Trump Administration Guts Funding to ACA’s Navigator Program
July 16, 2018
The Trump administration’s massive cuts to the ACA’s Navigator Program, which helps people sign up for insurance, will make it harder for people across the country to find affordable health care coverage. Last week, Navigator groups learned their funding would be cut by more than 70 percent, and states across the country are already bracing for impact.
In North Carolina, navigators who helped nearly 520,000 residents sign up for health insurance this year will be harder to find after Trump’s funding cuts.
The News & Observer: Trump agency slashes funds to NC groups that help people get health insurance under ACA
“They are the public face of the Affordable Care Act in North Carolina for legions of residents stumped by the complexities of health insurance. But next year, ACA navigators — the trained instructors who explain health benefits and help people enroll — will be harder to find as a result of federal funding cuts … In North Carolina, which has consistently had some of the nation’s highest enrollments, the navigator budget will be cut by 85 percent — from $3.4 million to $500,000.”
In Florida, Trump’s cuts to the state’s navigators could create health disparities by making it harder for vulnerable populations to sign up for health care.
Orlando Sentinel: Obamacare navigator money cut by 70%
“After weeks of uncertainty, Obamacare navigators learned Tuesday that the Trump administration was cutting their funding by more than 70 percent, affecting dozens of states that have the programs to help people sign up for plans in the health insurance marketplace.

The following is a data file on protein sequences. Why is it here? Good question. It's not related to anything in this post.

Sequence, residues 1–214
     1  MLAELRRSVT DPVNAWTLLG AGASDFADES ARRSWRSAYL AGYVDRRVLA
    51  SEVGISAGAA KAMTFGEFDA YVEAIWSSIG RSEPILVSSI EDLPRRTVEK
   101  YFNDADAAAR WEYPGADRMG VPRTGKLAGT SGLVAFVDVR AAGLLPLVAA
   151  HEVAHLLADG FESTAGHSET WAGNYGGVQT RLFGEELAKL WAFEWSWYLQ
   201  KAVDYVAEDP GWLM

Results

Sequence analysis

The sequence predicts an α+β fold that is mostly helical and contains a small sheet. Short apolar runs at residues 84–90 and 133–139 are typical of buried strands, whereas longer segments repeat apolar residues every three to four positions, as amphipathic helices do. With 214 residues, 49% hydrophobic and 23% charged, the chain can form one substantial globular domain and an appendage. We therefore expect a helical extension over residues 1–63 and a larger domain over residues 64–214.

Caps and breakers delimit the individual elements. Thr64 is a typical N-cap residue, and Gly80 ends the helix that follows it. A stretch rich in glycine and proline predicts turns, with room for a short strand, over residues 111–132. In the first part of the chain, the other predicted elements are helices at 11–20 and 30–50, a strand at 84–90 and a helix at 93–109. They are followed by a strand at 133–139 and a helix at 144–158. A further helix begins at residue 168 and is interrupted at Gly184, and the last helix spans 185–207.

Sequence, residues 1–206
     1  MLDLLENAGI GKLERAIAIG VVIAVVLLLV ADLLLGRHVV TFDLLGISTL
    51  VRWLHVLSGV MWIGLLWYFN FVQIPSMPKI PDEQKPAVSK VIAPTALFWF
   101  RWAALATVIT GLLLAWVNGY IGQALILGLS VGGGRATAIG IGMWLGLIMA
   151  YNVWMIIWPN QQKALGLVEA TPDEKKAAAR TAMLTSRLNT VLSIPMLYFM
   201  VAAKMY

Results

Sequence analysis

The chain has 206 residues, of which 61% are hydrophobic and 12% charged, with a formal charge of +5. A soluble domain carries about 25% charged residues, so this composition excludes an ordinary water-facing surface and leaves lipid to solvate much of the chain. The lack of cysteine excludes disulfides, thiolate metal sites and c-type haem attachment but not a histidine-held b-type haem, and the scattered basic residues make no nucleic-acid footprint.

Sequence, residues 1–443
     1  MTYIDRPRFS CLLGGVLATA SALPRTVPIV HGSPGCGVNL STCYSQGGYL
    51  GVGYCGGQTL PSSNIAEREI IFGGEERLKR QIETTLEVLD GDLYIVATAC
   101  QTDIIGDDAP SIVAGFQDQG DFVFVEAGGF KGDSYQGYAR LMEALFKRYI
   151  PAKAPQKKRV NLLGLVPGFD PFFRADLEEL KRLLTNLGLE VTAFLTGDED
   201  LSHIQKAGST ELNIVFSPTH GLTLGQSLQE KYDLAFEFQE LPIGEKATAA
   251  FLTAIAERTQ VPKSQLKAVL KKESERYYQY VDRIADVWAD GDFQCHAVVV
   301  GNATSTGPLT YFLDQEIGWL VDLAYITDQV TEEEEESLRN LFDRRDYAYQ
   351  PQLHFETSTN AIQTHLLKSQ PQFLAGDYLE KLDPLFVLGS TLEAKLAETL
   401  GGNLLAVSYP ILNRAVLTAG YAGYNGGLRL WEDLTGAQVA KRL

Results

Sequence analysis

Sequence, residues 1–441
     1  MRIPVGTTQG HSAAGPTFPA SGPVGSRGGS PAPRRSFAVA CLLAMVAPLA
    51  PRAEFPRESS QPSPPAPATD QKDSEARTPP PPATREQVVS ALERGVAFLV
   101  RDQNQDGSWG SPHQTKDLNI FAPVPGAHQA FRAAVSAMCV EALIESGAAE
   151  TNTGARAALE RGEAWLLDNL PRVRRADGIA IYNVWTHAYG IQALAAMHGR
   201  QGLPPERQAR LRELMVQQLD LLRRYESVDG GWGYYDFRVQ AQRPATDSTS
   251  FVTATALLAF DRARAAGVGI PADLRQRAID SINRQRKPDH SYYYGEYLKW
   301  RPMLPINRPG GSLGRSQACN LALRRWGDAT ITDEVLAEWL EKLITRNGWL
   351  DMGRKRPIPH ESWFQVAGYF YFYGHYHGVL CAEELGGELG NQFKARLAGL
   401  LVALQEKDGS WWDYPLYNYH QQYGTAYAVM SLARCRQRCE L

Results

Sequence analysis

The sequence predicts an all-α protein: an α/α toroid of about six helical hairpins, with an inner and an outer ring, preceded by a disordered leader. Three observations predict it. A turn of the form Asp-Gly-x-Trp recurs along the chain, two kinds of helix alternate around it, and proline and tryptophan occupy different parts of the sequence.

“‘It's disappointing,’ said Anne Packham, project director for the Marketplace Navigators for Central Florida. ‘We won't be able to have the personnel to go to the hard-to-reach areas and reach the vulnerable populations.’”
In Georgia, federal funding for the state’s navigators will “drop dramatically” after Trump’s cuts and reduce access to in-person enrollment assistance.
Georgia Health News: Federal Funding For ACA ‘Navigators’ To Drop Dramatically In Georgia
“The White House is again slashing funds for the ‘navigators’ who help enroll people in the Affordable Care Act insurance exchanges.
“The cuts will almost certainly reduce the in-person assistance provided to Georgians seeking an exchange health plan for next year.
“Macon-based Community Health Works, which oversees a navigator program in the state, said Wednesday that the federal navigator funding for the upcoming year’s enrollment for Georgia will be $500,000 – about one-third of the 2018 exchange total. The cuts will especially affect enrollment of hard-to-reach populations, experts said.”
In the Quad Cities of Iowa and Illinois, consumers likely won’t have access to enrollment services that were previously supported by the federal government.
Quad-City Times: Funding cuts could challenge health insurance enrollment in Quad-Cities, rest of Iowa
“Enrollment for health insurance in the Affordable Care Act marketplace begins soon, and eastern Iowa/western Illinois consumers likely will not have access to enrollment services previously supported by the federal government.
“The Trump administration announced this week it will slash grants to organizations that answer questions and help people sign up for the Obama-era program.
“Funding for these experts, called ‘navigators,’ will be cut from $36.8 million last fall to $10 million for the six-week enrollment period that begins Nov. 1, marking the second major reduction in two years. The government provided $62.5 million to insurance counselors in late 2016.”
In Pennsylvania, total navigator funding will drop almost 80% as a result of Trump’s cuts.
Lancaster Online: Trump administration slashes funding for program that helps people use healthcare.gov
“Getting help signing up for health insurance through healthcare.gov will be harder this year.
“Navigators are trained and funded federally to help people through the process of enrolling. The Trump administration announced Tuesday that it’s cutting the program’s funding to $10 million nationwide, down from $36 million last year and $62.5 million in 2016.
“Total navigator funding available to Pennsylvania organizations will drop almost 80 percent, from about $1.9 million last year to $400,000 this year, according to Antoinette Kraus.”